2 the are the mascot for the firehouse and the protector to horse drawn carriages such as a the Budweiser Clydesdales .These Dals are very mild manner dogs and they love meeting people which in fact the dogs and the horses have a special bond and with the humans they live with .so who ever said that Dalmatian are a dangerous dog need to own one as a owner of one of these amusing dogs and it all how the dog is raise for puppy to adult .

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pk nagar July 14, 2013 at 1:54 pm

ONLY DESIG DOG ARE BEST

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mia August 7, 2013 at 7:16 pm

True

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sam August 8, 2013 at 11:05 pm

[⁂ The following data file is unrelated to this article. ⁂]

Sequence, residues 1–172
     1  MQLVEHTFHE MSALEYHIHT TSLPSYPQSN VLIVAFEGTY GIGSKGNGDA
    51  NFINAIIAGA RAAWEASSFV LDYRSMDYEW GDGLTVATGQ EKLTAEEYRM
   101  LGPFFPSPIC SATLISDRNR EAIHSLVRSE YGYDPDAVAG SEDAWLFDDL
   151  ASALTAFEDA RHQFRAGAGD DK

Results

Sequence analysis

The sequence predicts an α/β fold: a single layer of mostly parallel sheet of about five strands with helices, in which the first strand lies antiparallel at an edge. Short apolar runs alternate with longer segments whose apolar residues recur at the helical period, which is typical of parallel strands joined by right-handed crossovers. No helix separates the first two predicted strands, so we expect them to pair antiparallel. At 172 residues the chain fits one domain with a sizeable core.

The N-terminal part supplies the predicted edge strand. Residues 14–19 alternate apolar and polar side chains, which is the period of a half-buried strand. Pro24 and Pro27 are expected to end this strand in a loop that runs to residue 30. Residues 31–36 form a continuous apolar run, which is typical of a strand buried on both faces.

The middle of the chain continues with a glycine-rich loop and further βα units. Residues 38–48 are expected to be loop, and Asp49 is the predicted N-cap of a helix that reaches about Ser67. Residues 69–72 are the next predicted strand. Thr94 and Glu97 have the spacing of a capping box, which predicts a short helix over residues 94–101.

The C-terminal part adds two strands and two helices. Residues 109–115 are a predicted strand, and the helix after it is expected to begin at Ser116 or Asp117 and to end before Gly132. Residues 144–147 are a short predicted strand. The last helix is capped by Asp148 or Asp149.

After reading your comments, I had to let you know that no dog can be placed in a category and be called safe or dangerous. I owned a Gascon Bluetick hound that was loving toward the family, but deadly to strangers or strange animals. I had owned GSD, Rotts, and Dobermans, and had no trouble teaching them to accept other dogs or people on command. Not so the Bluetick. When he started for someone or something, even a shock collar would not turn him. In fact it seemed to make him worse. When in attack mode, he seemed to be incapable of feeling pain. He weighed 105 pounds in running shape, and was tireless. In his life he killed well over 150 racoons that were uninjured before he got to them, during daylight he would run down and kill any coyote he came across, ground hogs, foxes, and stray dogs that came on the place, and had to be put down at 16 1/2 years old. When he died he had one small scar on his nose, and a small notch in his left ear, the gift given by a 200+ pound black bear that he tackled. I had to get in close enough to get a rope leash on him to get him to quit. All this to make the point that hounds are supposed to be laid back. During the time I had him, from a pup until he died, he never offered to bite or threaten me or my wife, but was very protective of us, although he never would allow me to roll him on his back, and I never saw him lie on his back. One thing I would like to mention was an incident where he jumped a fence in the dark and had a barb of a barbed wire catch in his belly skin, and rolled into the skin and his whole weight was supported by that area. I called him by name, picked him up to get the weight off, and my son was able to work the barb out and release him. He was liking my face as we were freeing him.